'Stalingrad' recalls what movie experience should be
During World War II, the Soviet Union lost over 20 million people in the fighting. The Germans attempted to take the U.S.S.R. in a blitzkrieg but failed, and the fighting that raged for the next few years was brutal, intense and straight up crazy with the people of the Soviet Union pulling out all of the stops to protect their homeland from the Nazi invasion.
Stalingrad takes a snippet of the fighting from one of the bloodiest battles ever known and gives it a human face. The movie, however, does not open in 1942 as you might expect. It opens in Modern Japan just after the earthquake and tsunami. Russian aid workers are attempting to rescue five Germans trapped in rubble that could collapse any minute.
The Russians establish contact, and one German asks that the Russian in contact with them keep talking to them. She begins to cry because her father is dead. The Russian tells her that she shouldn’t cry; he has five fathers and they are all dead. She says that is an impossibility, and he tells the tale of his fathers’ parts in the Battle of Stalingrad.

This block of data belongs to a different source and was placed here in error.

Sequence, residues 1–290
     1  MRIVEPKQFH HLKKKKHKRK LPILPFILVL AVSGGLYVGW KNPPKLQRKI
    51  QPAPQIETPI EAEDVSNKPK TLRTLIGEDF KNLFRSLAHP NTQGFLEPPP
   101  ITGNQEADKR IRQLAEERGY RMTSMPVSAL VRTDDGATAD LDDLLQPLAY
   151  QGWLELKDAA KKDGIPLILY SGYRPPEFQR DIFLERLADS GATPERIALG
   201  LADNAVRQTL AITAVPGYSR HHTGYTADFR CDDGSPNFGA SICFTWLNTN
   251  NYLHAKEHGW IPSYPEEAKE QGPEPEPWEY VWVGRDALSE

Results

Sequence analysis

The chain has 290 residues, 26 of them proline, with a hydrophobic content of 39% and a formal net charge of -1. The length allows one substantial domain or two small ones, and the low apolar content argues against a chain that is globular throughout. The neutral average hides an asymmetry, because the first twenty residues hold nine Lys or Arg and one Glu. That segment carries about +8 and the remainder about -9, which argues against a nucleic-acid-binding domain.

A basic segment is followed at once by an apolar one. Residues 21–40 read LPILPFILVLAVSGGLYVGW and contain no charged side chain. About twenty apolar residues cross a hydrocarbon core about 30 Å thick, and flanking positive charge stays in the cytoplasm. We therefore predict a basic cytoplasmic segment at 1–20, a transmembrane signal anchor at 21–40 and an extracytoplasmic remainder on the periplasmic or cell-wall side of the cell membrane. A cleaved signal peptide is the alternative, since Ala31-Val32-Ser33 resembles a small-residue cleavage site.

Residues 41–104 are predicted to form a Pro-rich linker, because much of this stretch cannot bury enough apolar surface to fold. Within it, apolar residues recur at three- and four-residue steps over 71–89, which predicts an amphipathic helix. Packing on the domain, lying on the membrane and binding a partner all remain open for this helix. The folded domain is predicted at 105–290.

This is the epic, beautiful, special effects spectacular that Hollywood could only wish to produce. It is told in true Russian style with no need to pay homage to any Hollywood conventions, and for most Americans, this will be a new story – World War II from a Russian perspective.
Stalingrad shows the brutality of war without being the gorefest it could have been, and it shows the less noisy parts of war that people use to keep as much of their humanity as they can. The film also shows how war degrades human beings and strips them of their humanity.
Stalingrad is not without its flaws. The narrator may have been unnecessary, and it is sometimes difficult to tell who the Germans are and who the Russians are. However, the first attack of the Russians against the Germans is breath taking as are most of the battle sequences. IMAX and 3D made this a truly immersive experience – the exact experience that going to a movie should be.
I was excited to see Stalingrad because I lived in Volgograd, which was known as Stalingrad before the fall of the Soviet Union. I had heard the tales of Soviet heroism and the crazy things that they did to hold the Germans from getting a foothold at Stalingrad. None of the stories that I remember were depicted in this film. However, this is the type of film that we need more of, and I highly recommend it. It is subtitled, which is a nice reminder that there is more than just English in this world.